While equities tend to be the vehicle of choice among many investors, derivatives have yet to see widespread uptake in Malaysia, with Bursa Malaysia Derivatives (BMD) Bhd estimating that domestic institutions and retail investors comprise just 28% of activity in the FTSE Bursa Malaysia KLCI Futures market.

Foreign institutions make up 58% of transactions in this arena, highlighting its international appeal. But what is drawing these investors to Malaysian derivatives, defined as financial instruments which derive their value from underlying assets?

In laymen’s terms, the prime value derivatives offer is leverage, along with the potential to accrue returns through short positioning. This month, Smart Investor sits down with BMD Deputy Chief Executive Samuel Ho to discuss the benefits derivatives bring to any portfolio.

Smart Investor (SI): Participation of Malaysian traders in derivatives trading is generally low.  Why is this so?
Samuel Ho (SH):
Retail investors in the capital market can be divided into two types: “investors” or “traders”. Most people who invest in equities can be categorised as “investors”.  They participate in the market either for the purpose of value appreciation or they make a one-time purchase and collect annual dividends as their source of income.

A “trader” is someone who actively participates in the market, where they buy and sell multiple times in a day or in a week.  They are short-term position holders and their key strategy is to make as much profit over multiple transactions.

This is the opposite to the strategy of “investors” who are largely long-term position holders and are not very active in buying and selling multiple times in a day. “Traders” are mostly those who are active in the futures market and possibly equity day traders with short-term trading strategies.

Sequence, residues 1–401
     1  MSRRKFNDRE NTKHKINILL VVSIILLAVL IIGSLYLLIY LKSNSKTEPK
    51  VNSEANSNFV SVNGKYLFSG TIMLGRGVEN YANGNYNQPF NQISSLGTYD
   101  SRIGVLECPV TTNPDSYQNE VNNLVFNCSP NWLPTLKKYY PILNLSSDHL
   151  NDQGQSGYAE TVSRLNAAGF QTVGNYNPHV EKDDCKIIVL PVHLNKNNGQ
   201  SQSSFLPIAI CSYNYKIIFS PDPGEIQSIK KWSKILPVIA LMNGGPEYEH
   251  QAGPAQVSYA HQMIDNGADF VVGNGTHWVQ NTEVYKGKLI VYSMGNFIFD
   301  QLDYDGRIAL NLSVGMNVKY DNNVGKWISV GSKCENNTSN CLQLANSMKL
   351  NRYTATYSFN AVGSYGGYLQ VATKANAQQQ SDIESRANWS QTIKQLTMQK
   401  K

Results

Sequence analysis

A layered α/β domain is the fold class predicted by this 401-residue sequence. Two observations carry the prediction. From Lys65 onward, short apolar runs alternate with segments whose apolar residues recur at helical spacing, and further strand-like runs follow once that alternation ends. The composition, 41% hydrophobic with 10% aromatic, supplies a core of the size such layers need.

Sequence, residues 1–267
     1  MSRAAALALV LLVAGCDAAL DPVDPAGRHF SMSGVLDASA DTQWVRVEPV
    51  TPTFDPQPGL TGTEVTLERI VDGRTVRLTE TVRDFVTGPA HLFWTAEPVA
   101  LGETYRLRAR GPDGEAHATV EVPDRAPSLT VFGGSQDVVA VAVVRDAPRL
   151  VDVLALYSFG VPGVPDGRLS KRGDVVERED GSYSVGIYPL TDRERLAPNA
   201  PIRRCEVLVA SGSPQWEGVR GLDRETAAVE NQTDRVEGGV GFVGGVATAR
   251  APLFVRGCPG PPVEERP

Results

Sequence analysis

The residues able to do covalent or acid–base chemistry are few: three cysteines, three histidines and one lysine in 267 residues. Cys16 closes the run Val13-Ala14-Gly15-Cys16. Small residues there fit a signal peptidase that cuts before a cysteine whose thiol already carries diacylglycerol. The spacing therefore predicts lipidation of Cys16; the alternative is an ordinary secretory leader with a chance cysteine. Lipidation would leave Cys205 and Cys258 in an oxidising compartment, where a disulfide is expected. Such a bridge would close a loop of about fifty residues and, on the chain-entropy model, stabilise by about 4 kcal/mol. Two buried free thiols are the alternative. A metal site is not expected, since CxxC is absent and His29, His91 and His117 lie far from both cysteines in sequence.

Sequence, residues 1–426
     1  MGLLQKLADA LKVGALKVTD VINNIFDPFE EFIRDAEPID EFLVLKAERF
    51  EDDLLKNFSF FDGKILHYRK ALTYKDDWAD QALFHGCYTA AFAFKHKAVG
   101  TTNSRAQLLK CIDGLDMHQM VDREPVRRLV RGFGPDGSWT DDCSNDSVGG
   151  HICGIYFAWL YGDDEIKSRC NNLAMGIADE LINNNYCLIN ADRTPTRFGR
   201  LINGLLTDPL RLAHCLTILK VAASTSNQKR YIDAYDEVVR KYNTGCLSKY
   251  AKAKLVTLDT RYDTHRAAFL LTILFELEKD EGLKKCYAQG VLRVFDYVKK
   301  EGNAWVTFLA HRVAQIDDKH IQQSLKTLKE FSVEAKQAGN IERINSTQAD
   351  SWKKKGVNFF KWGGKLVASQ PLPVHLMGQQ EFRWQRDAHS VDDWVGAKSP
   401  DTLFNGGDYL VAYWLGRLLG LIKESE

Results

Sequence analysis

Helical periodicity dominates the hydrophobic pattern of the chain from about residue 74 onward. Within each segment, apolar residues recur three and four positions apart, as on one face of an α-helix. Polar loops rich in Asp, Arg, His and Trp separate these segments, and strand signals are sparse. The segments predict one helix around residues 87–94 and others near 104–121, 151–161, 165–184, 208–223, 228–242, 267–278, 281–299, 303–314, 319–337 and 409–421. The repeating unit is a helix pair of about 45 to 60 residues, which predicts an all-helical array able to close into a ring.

The futures instruments or futures contract is an agreement to buy or sell a particular asset at a predetermined price at a designated time in the future. It is for those who are forward thinking and want to protect and hedge their existing investments.

However, this may not work for general retailers who have “long-only” positions and intend to hold on to their equity positions regardless of the market’s performance.

SI: What would be the pulling factor for typical Malaysians to consider futures instruments as opposed to putting their money into other forms of investments?
SH: It is important to help “equity long-only” portfolio holders understand the various trading opportunities that are available for them to hedge and make profits through futures contracts, even in a declining market where their existing holding of shares fail to generate a profit.

With knowledge about futures products and understanding the ability to “sell-first” in declining markets, investors or traders can potentially gain profits from a bearish market whilst their equity holdings are still in their possession awaiting dividend pay-outs.

In other words, futures products are very flexible and can be used in all market trends; both bullish markets (buy first and then sell) and also bearish markets (sell first and then buy back).